With the term role model, we have done something in this society thatís very, very dangerous. We have used buzz words and jingoism to the extent that words that had perfectly good definitions have become so distorted. Psychologically, a role model was someone you learned your behavior from. Public figures arenít really that. Weíre not necessarily seeing them all the time. Really, I learned to stay up all night to finish a project not [from] some nebulous person, but because my mother, who was a schoolteacher, would also stay up all night to make sure she sewed our clothes. That translates into me being a medical student, where Iím going to learn itís not a big deal to do the work because I saw that behavior at home. Thatís what weíre missing.

Part of the report that was published today identifies salary gaps among whites, blacks and Hispanics in Jacksonville. What threats do you think a struggling economy place on race relations?

I think any time you have severely wide gaps in capabilities ó you could say wealth ó or resources you wind up having problems. Very often schools are sort of supported at the level of wealth of the communities theyíre in. Somehow in the United States, we have to figure out how all kids can have the opportunity to develop their skills and talents. The schools ought to have the resources. The other part of it is we need to understand what weíre doing with our money in this country. The economic crisis is really there, but itís as much a crisis of confidence in each other and belief and trust. And also so much greed that weíve been looking at for years.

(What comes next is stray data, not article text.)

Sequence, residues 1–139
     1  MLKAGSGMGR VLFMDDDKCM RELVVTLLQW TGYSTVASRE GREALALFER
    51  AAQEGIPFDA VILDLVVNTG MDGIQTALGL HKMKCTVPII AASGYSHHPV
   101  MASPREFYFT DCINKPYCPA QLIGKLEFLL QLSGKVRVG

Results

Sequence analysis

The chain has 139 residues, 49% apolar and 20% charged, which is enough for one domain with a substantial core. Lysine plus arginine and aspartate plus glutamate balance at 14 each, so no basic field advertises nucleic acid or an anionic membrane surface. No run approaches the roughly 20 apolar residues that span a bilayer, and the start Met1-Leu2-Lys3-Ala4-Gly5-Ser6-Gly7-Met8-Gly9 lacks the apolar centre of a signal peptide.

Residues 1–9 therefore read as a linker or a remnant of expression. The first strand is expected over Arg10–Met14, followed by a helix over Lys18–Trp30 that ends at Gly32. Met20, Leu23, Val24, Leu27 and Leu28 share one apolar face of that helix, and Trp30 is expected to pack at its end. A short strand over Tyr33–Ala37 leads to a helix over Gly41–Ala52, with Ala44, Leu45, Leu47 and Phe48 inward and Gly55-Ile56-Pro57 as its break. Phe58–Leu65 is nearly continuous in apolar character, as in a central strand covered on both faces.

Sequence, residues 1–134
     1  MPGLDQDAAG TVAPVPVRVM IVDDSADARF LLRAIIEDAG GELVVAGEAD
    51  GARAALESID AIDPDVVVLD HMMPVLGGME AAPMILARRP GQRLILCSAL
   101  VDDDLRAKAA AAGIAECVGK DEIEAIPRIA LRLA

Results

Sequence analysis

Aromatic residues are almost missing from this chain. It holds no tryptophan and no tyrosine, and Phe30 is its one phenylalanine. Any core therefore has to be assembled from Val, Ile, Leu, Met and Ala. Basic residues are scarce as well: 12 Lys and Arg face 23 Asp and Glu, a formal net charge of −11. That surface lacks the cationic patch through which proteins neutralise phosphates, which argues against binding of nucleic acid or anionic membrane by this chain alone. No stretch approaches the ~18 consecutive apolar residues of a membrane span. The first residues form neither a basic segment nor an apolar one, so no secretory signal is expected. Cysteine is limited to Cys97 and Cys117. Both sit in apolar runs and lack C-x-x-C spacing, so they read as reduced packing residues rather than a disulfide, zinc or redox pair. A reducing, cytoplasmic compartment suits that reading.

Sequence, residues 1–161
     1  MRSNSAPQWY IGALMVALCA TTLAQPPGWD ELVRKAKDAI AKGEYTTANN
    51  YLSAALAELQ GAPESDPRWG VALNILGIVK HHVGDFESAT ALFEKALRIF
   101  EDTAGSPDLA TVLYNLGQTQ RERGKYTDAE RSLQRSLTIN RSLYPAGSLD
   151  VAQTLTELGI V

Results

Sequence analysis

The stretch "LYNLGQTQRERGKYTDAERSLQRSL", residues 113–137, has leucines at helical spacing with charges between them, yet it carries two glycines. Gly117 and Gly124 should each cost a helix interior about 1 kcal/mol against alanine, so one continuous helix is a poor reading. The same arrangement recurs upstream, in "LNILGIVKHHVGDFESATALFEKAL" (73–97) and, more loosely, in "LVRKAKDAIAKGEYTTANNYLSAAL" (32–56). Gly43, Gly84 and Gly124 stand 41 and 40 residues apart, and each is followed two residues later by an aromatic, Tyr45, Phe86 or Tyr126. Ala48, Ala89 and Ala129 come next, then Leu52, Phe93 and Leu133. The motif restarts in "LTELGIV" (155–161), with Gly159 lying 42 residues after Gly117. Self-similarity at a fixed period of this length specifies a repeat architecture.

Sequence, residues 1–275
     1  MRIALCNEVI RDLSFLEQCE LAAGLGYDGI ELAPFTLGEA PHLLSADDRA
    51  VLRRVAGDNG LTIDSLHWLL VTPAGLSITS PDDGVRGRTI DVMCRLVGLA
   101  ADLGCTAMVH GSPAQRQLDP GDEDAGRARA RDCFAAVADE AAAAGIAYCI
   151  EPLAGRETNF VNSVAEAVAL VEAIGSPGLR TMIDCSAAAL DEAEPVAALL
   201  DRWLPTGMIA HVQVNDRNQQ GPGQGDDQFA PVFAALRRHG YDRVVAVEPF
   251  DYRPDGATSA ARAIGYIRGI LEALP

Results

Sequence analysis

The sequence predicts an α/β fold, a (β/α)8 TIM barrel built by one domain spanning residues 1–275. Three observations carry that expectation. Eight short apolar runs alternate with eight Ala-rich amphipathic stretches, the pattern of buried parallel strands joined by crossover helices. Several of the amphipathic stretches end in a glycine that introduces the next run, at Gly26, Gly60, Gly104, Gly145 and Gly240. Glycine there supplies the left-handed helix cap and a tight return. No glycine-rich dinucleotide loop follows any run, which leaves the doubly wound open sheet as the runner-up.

The part in your speech about Barack Obama being a step toward, but not fulfillment of, Kingís dream: What do you think it will take to fulfill that dream?

Thereís no single answer to that. We donít know all the components of the dream but we do know he started talking about poverty before he was killed. He started talking about the Vietnam War. We know that he talked about being responsible for our brothers and sisters around the world. It is further than this one single person. I donít know that itís important to say weíve gotten there. I donít think you can ever say weíve gotten there, at least within my lifetime, but we could certainly make strides and steps. Obamaís election is certainly a stride. Itís built on so many other things and so many other people. We have to keep moving.

david.hunt@jacksonville.com,




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Headlines: January, 2009; Staff Member Mae Jemison; Figures; Peace Corps Sierra Leone; Directory of Sierra Leone RPCVs; Messages and Announcements for Sierra Leone RPCVs; Staff; Science; Space





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Story Source: Florida Times-Union

This story has been posted in the following forums: : Headlines; Figures; COS - Sierra Leone; Staff; Science; Space